The D70 had some issues. A firmware update was issued in May of 2005, in part to correct some initial problems and bring the performance closer to the newer D70s, introduced about a year after the D70. The upgrade must have been popular, since I have encountered only one used D70 that had not been updated. The second notable problem was much more involved. Early production D70 bodies sometimes fell victim to the Blinking Green Light Of Death, sometimes call BGLOD, a problem traced to a batch of defective circuit boards in the read/write system. Nikon was criticized for not recalling them all, but instead issued a service bulletin offering to fix any D70 body that failed because of the defective component, in or out of warrantee. The service bulletin only covered the D70, and Nikon USA would service only those bodies that they themselves imported and warranted.
Nikon USA Imports Vs. Gray Market: A camera that is NOT sold though the official importer is called “Gray Market” and Nikon USA is under no obligation to repair it under warrantee. Check the serial number on the bottom of the body. If the first two digits are “30”, your D70 was imported by Nikon USA and if you get the BGLOD, you may be eligible for a free repair. I sent one of my ailing D70 bodies back and it was indeed repaired free of charge, but apparently some other photographers were not so lucky. For more information on Nikon DSLR serial numbers, click here. I suspect that if your D70 hasn’t failed by now, it probably won’t. Just as well, since I can only speculate on the availability of parts.
- Error accessing memory card.
- Unable to create new folder
- Card has not been formatted for use in D70.
- Use Nikon-approved card. (Check page 192 of the manual. None of MY cards was on the approved list!)
- Check that contacts are clean. If card is damaged, contact retailer or Nikon representative. (I've seen CF cards that were damaged by a bent interface pin, so keep your cards and camera clean).
- Delete files or insert new memory card.
- Format memory card.
- Turn the camera off.
- Eject the card.
- Insert the card firmly.
- Turn the camera on.
- Camera malfunction: Release shutter. If error persists or appears frequently, consult with Nikon-authorized service representative.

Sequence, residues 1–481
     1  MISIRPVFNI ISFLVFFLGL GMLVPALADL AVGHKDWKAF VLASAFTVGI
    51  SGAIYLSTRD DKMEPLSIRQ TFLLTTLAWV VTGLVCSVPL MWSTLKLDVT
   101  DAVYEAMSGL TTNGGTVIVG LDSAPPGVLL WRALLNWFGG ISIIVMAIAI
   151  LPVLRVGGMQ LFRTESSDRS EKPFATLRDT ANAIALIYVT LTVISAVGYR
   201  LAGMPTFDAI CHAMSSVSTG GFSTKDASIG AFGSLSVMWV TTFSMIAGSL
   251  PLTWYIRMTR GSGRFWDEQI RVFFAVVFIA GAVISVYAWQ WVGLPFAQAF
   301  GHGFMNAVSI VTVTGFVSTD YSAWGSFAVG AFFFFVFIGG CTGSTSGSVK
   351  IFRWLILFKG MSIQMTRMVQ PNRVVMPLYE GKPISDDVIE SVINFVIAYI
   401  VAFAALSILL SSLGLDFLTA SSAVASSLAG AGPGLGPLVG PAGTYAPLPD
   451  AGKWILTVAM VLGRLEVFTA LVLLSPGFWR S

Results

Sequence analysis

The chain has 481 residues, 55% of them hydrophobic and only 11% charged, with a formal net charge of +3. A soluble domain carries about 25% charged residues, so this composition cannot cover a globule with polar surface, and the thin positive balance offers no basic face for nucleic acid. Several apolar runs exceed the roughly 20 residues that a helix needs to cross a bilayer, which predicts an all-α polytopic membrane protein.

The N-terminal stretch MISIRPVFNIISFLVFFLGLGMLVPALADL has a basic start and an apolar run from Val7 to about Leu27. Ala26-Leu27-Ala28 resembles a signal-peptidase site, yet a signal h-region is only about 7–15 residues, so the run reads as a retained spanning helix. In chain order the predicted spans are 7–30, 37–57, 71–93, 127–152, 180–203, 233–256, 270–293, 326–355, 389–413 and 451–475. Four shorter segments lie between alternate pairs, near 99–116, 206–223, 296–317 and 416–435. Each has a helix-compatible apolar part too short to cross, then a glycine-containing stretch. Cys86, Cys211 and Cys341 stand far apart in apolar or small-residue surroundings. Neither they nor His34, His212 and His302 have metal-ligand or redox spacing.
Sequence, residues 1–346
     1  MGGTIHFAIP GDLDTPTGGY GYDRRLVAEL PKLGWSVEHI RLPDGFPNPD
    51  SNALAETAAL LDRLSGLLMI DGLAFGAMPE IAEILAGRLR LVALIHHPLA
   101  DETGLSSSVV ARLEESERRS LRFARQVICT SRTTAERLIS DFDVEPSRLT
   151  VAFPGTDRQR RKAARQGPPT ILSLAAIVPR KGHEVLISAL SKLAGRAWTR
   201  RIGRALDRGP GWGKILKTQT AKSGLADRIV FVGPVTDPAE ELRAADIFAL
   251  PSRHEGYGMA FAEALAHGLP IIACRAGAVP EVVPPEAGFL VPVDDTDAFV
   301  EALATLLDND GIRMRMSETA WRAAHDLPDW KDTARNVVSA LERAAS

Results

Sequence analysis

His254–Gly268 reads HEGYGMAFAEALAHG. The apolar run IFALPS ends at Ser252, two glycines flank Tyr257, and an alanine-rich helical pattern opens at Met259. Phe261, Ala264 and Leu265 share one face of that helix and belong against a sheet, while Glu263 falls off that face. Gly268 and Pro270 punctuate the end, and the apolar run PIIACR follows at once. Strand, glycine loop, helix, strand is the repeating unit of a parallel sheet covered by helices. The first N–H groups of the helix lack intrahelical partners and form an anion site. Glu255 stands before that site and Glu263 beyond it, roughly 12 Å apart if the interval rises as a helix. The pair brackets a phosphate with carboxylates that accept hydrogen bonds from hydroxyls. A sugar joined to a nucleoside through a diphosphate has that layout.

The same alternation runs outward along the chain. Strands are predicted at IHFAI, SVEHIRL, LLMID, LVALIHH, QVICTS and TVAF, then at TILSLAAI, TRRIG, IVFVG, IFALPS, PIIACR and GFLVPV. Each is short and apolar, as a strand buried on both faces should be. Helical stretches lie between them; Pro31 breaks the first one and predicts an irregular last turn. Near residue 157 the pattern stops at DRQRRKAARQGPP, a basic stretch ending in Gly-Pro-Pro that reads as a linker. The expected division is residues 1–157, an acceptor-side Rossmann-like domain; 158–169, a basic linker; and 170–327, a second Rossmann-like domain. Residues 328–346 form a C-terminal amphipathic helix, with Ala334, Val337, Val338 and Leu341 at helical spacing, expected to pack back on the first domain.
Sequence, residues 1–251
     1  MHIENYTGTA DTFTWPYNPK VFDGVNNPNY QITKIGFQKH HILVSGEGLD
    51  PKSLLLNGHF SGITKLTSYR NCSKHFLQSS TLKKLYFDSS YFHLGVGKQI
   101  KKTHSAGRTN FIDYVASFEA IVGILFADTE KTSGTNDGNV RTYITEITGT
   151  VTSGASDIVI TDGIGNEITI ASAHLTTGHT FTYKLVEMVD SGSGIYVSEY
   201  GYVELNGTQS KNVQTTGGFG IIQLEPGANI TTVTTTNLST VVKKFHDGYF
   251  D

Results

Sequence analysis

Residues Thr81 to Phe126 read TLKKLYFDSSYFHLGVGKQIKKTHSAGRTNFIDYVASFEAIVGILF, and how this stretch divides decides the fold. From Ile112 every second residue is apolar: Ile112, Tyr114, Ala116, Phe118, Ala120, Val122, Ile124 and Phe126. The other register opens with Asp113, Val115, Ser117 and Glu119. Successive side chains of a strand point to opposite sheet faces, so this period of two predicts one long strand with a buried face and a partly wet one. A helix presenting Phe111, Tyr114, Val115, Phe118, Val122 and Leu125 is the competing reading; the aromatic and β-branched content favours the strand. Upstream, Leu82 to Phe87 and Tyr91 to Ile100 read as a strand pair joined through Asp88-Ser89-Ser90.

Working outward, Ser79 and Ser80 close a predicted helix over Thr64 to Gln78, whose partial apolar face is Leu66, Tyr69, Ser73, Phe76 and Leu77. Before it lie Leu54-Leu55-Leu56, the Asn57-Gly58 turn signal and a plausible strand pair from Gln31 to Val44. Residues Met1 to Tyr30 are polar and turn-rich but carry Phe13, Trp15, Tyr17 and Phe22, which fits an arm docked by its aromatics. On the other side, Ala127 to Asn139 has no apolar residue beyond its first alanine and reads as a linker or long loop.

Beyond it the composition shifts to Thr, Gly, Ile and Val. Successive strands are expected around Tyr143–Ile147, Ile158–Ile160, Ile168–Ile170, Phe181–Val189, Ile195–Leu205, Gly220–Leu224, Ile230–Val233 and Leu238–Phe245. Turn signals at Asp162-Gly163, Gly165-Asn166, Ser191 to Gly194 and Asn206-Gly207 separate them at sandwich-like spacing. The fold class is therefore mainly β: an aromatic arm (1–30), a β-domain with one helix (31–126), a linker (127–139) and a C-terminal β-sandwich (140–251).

"In extremely rare instances, unusual characters may appear in the control panel and the camera may stop functioning. In most cases, this phenomenon is caused by a strong external static charge. Turn the camera off, remove and replace the battery, and turn the camera on again, or, if you are using an AC adapter (available separately), disconnect and reconnect the adapter and turn the camera on again. If the problem persists, press the reset switch (see arrow) and then reset the camera clock to the correct date and time. In the event of continued malfunction, contact your retailer or Nikon representative. Note that disconnecting the power source as described above may result in loss of any data not recorded to the memory card at the time the problem occurred. Data already recorded to the card will not be affected." To see the original article, click here.May Day! May Day! A week ago, the Centipede stopped working and the "ERR" began was displayed on the control panel. Pressing the shutter release had no effect. I instinctively removed the battery and replaced it with a freshly charged one, to no avail. In desperation, I located the reset switch, pressed it, and the camera was resurrected! Overjoyed, I began clicking the shutter, over 500 times in all, trying to make the error return, which it didn't.Until the following week. This time, I photographed the Control Panel, thinking this would be a good topic for a blog, and when I finished, pressed the reset button with sublime confidence. And just like before, all was set to right. The camera, I'm happy to say, is still working.Epilogue: The Centipede may now be back in my good graces, but to make sure I don't take it on an assignment, I removed the neckstrap, a gesture indicating Centipede's demotion to "hanger queen". I still use it to test lighting and flash techniques, but without the neck strap, I won't accidentally take it with me on assignment. Serial Numbers: Because NikonUSA will only approve warranty repairs on cameras they import, it's important that you know which cameras entered the country "properly". Click here to read an article on how to tell whether your camera was an approved importUpdate July 23, 2015: Some casual research show another possible cause of the problem: Users of older, D type lenses (those with an aperture setting ring) must be set AND LOCKED at the minimum (smallest) setting. While this wasn't my case, I've added this link for more information.Click here.